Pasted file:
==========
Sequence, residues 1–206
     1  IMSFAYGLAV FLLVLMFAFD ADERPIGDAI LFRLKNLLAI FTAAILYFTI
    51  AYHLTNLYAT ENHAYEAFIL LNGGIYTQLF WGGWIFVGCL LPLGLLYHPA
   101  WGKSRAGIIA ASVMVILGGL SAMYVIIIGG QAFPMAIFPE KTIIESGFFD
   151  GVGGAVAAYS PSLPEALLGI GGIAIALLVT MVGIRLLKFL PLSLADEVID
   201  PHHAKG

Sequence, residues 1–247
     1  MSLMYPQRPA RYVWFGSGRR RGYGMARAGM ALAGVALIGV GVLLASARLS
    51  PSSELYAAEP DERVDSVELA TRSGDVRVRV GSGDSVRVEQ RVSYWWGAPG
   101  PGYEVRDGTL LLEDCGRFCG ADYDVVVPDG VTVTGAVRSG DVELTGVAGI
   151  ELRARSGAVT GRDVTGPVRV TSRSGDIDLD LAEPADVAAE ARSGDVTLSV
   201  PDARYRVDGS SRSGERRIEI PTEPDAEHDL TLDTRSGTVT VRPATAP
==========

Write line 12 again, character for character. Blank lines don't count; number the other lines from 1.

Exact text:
   201  PDARYRVDGS SRSGERRIEI PTEPDAEHDL TLDTRSGTVT VRPATAP